Dealing With Group Project Drama

By Staff Writer Published on July 14, 2017

Group projects are notorious for being one of the most difficult things to endure in your college experience but are considered necessary to help you learn how to work with others. Because let’s face it, in life you’re going to have to work with a whole lot of people you don’t get along with—learning how to deal with these people and still complete your project is a skill you’ll use the rest of your life.

Who to Expect

Every group you’re forced to work in will likely have the same type of people, perhaps just varying in degree of enthusiasm for their given part. Here are six people you can expect to find in just about any group project:

The Alpha

He or she will start off by taking charge the second your group is assembled, and will likely proceed to micromanage every aspect of the project.

The Solution: To avoid issues with this person, let the Alpha know up-front that you’re capable of doing your part for the project and producing nothing less than stellar work. The sooner this person sees you as an ally, the better you’ll work together.

The Putter-Offer

This person puts off every assignment until the last possible moment, leaving the rest of the group stressed to the point of possibly even doing his portion for him just in case.

The Solution: To prevent this person from becoming a burden on your group, break the project into pieces and work together as a group to define clear deadlines to keep everyone on the same page.

The Under-Deliverer

This person is easy to identify from your first meeting—she’s spent the entire time going on and on about how she can make all of these huge, amazing things happen for your project. As time goes on, you begin to wonder about this person when she won’t let you see any progress on her portion of the project, and ultimately, she shows up on the day your project is due with sub-par work and a bunch of excuses.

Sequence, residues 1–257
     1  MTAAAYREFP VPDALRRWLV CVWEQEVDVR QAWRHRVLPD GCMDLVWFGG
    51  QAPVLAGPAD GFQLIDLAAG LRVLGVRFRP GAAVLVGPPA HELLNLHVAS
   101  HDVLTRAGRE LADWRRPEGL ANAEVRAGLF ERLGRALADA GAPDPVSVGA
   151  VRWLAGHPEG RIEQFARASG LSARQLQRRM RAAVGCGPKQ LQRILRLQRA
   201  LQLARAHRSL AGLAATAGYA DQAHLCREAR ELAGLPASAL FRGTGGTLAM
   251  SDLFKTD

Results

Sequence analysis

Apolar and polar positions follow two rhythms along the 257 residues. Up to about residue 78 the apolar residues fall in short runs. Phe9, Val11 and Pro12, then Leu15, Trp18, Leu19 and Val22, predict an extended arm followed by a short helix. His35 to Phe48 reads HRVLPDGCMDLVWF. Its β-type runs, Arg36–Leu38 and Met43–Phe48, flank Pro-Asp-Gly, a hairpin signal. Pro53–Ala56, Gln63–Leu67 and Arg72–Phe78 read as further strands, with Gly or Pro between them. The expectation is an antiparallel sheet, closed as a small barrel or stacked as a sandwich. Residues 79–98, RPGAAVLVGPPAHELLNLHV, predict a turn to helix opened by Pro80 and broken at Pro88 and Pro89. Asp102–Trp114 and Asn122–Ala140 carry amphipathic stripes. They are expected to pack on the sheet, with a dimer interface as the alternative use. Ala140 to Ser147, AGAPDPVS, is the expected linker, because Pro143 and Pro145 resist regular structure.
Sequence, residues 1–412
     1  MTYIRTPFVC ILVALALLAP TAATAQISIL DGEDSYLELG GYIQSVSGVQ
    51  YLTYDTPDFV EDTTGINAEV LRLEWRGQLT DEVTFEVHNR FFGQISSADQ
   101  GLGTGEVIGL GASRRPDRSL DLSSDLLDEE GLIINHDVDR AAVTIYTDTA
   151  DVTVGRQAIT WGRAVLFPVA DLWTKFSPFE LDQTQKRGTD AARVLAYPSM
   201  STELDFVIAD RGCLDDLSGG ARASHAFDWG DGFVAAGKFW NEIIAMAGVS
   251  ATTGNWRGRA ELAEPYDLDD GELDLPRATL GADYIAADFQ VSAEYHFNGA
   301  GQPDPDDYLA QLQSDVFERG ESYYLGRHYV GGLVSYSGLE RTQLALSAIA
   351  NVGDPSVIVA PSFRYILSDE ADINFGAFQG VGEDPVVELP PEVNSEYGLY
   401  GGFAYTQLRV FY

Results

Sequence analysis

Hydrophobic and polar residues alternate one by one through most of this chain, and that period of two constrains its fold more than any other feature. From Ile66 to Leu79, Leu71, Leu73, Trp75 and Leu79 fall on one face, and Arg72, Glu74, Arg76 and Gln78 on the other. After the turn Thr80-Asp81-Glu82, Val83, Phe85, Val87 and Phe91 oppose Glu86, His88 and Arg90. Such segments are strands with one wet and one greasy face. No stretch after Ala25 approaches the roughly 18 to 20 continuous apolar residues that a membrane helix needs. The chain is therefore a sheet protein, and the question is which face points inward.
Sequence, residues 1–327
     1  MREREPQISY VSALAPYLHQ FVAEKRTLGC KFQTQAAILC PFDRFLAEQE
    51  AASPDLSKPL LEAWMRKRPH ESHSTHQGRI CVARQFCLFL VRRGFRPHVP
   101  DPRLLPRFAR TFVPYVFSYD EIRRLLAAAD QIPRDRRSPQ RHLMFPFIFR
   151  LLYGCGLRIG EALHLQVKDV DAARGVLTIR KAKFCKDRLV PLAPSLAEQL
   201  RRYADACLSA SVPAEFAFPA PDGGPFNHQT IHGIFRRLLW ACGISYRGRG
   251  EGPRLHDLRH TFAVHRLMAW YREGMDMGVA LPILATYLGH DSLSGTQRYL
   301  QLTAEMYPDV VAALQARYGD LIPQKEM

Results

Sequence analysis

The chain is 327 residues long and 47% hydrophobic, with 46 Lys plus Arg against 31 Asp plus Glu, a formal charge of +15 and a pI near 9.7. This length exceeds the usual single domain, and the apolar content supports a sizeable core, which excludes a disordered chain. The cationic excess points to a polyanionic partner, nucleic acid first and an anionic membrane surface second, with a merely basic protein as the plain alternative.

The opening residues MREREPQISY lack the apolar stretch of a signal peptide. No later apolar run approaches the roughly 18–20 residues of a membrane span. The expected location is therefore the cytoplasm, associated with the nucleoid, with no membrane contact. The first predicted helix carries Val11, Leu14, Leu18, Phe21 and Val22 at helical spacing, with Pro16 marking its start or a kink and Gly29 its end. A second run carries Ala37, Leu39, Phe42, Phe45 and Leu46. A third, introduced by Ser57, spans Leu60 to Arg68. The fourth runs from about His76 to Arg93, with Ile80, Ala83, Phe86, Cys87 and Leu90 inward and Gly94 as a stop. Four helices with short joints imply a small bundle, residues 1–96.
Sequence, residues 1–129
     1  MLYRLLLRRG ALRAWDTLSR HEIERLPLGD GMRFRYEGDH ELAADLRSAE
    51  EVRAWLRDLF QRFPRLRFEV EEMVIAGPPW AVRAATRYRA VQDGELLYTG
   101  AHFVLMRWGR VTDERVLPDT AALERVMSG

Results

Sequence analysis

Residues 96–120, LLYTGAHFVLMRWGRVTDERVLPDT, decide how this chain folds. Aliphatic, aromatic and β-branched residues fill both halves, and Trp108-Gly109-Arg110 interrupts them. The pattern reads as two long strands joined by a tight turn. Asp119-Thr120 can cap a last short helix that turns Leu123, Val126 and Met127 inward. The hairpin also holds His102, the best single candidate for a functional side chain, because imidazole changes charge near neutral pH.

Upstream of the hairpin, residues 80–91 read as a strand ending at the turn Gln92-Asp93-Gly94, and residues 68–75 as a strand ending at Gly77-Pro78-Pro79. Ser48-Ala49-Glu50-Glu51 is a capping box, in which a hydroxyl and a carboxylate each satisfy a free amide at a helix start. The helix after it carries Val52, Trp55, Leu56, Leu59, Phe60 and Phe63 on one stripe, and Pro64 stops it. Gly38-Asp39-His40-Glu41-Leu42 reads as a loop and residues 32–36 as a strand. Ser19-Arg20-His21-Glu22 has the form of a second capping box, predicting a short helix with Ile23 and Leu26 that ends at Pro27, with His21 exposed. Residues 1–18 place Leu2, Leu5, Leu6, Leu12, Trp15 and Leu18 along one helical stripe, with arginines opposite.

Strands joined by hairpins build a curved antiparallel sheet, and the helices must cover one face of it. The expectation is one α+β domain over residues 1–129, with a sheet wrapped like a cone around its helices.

The Solution: To avoid shock, confusion, and frustration during your presentation or as you combine elements to turn in your project to your professor, meet together the day before things are due to make sure each element meshes well, and there aren’t any issues. This way, if there is a problem with someone not doing their part you have a little time to scramble and still get the project completed.

The Non-Existent Participant

They are easy to pick out because it’s likely you have no idea who they are. The Non-Existent Participant probably won’t show up or offer to help with anything no matter how many times you reach out or how promising their tone sounds when they finally do respond to your hundredth email with a noncommittal response.

The Solution: Aside from sucking it up and divvying up this person’s work among the participating members of the group, the only other option you have is to speak with your professor and let them know what’s going on in hopes they’ll remove this person from your group.

The Ghost

This student is present at every group meeting, but never has an opinion or any productive input to give.* They don’t volunteer for anything but will accept an assignment when given as long as they don’t have to be a part of the presentation.

The Solution: The best way to get this group member involved is by maintaining open lines of communication and asking him or her direct questions to get them talking and force them to participate. Hey, even if they don’t speak up much, at least they’re willing to put in their share of work behind the scenes.

Everyone Else

Depending on the size of your group, there should be at least one or more people who want to participate, are willing to put in their fair share of work, and are truly invested in working together and getting a good grade on this project. Band together and stay strong—you’ll be the ones to keep the rest of your group in check.

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